You have to “make sure on the fixed-income side that you have something that is not the same beta,” she said.

Davis says a fund she rolled out in 2019, the Quadratic Interest Rate Volatility & Inflation Hedge ETF IVOL,
could be a good diversification bet for investors. The ETF is intended to move in and out of Treasury inflation-protected securities, or TIPS, and over-the-counter fixed-income options in a bid to beat the market. It has about $ 2.2 billion in assets and has an expense ratio of 1.05%, which means that the fund costs $ 10.05 in annual fees for every $ 1,000 invested.

Lest one think Davis is just talking her book, IVOL, referring to the fund’s ticker, is up 1.1% on the day, up 0.5% in the week thus far, and down 2.2% on the year to date. By comparison, the iShares 20+ Year Treasury Bond ETF TLT
is up 0.8% on the day, down 0.3% on the week and is looking at a 7% loss in 2022 so far.

Gold shines

Todd Rosenbluth, head of ETF and Mutual Fund Research at CFRA, who responded to us on vacation (sorry, Todd), offered a few ideas for investors amid the calamity unfolding in markets.

He has been seeing investors turn old school and heading for the safety of gold, including the SPDR Gold Shares GLD,
which was up 1% on Thursday and headed for a weekly gain of 1.6%. GLD boasts some $ 61 billion in assets and carries an expense ratio of 0.40%.

“While GLD remains the largest, there are many lower-cost alternatives better suited for retail investors such as GLDM, IAUM, and AAAU,” Rosenbluth said.

He was referring to the tickers of SPDR Gold MiniShares Trust GLDM,
iShares Gold Trust Micro ETF IAUM,
and Goldman Sachs Physical ETF AAAU,
which all have expense ratios ranging from 0.15% to 0.18%.

For the faint of heart, the CFRA analyst said lower-volatility and defined outcome ETFs, designed to mitigate the downside, might be a good wager. Those include Invesco S&P 500 Low Volatility ETF SPLV
and Innovator US Equity Buffer ETF BFEB,
which have fees of 0.25% and 0.79%, respectively.

Russia’s very bad ETF day

The VanEck Russia ETF RSX
plunged 26% Thursday, with all components tumbling, as Moscow’s attack in and around Kyiv and fears of sanctions prompted investors to flee the fund. ETF Wrap has written about growing retail interest in the VanEck single-country ETF, which is down 48% on the year. If the current decline holds through the close it will represent sharpest one-day drop ever, surpassing the Nov. 12, 2008 fall of 22.32%, according to Dow Jones Market Data.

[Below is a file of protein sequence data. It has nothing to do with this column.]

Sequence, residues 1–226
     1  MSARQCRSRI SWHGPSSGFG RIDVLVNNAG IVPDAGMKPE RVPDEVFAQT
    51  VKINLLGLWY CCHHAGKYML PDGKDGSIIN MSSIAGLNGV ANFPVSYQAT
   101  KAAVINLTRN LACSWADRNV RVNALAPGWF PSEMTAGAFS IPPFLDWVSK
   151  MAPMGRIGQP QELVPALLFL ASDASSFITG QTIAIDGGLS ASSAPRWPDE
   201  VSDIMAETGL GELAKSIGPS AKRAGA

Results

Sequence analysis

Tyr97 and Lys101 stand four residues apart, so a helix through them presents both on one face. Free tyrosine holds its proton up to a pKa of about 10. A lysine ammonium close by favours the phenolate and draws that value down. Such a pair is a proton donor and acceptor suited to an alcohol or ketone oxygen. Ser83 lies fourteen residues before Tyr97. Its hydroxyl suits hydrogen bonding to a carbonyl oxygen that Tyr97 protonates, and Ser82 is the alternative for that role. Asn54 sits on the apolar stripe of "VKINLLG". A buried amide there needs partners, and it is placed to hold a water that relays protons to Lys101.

Meanwhile, the iShares MSCI Russia ETF ERUS
was down nearly 19% and looking at its sharpest daily slump since March 9 of 2020.

FactSet

The downturn in Russia-pegged ETFs come as the Dow Jones Industrial Average DJIA
was down more than 700 points, the S&P 500 index SPX
was down 1.5% and the Nasdaq Composite Index COMP
was trading 0.6% (after a massive intraday recovery from a drop of 3.5% at the lows), at last check.

Capital Group’s active

Capital Group is entering the ETF fray, marking what Rosenbluth described as a milestone “for active ETFs given that the firm managed $ 2.6 trillion in assets overall at the end of 2021.” It has been one of the biggest fund providers not to offer funds in the popular ETF wrapper — until now.

The fund manager is kicking off six actively managed ETFs:

Capital Group Growth ETF CGGR

Capital Group Core Equity ETF CGUS

Capital Group Dividend Value ETF CGDV

Capital Group International Focus Equity ETF CGXU

Capital Group Global Growth Equity ETF CGGO

Capital Group Core Plus Income ETF (CGCP)

Tim Armor, chairman and CEO of Capital Group, said that active ETFs “will be transformative for the industry” and that Capital aims to be a market leader.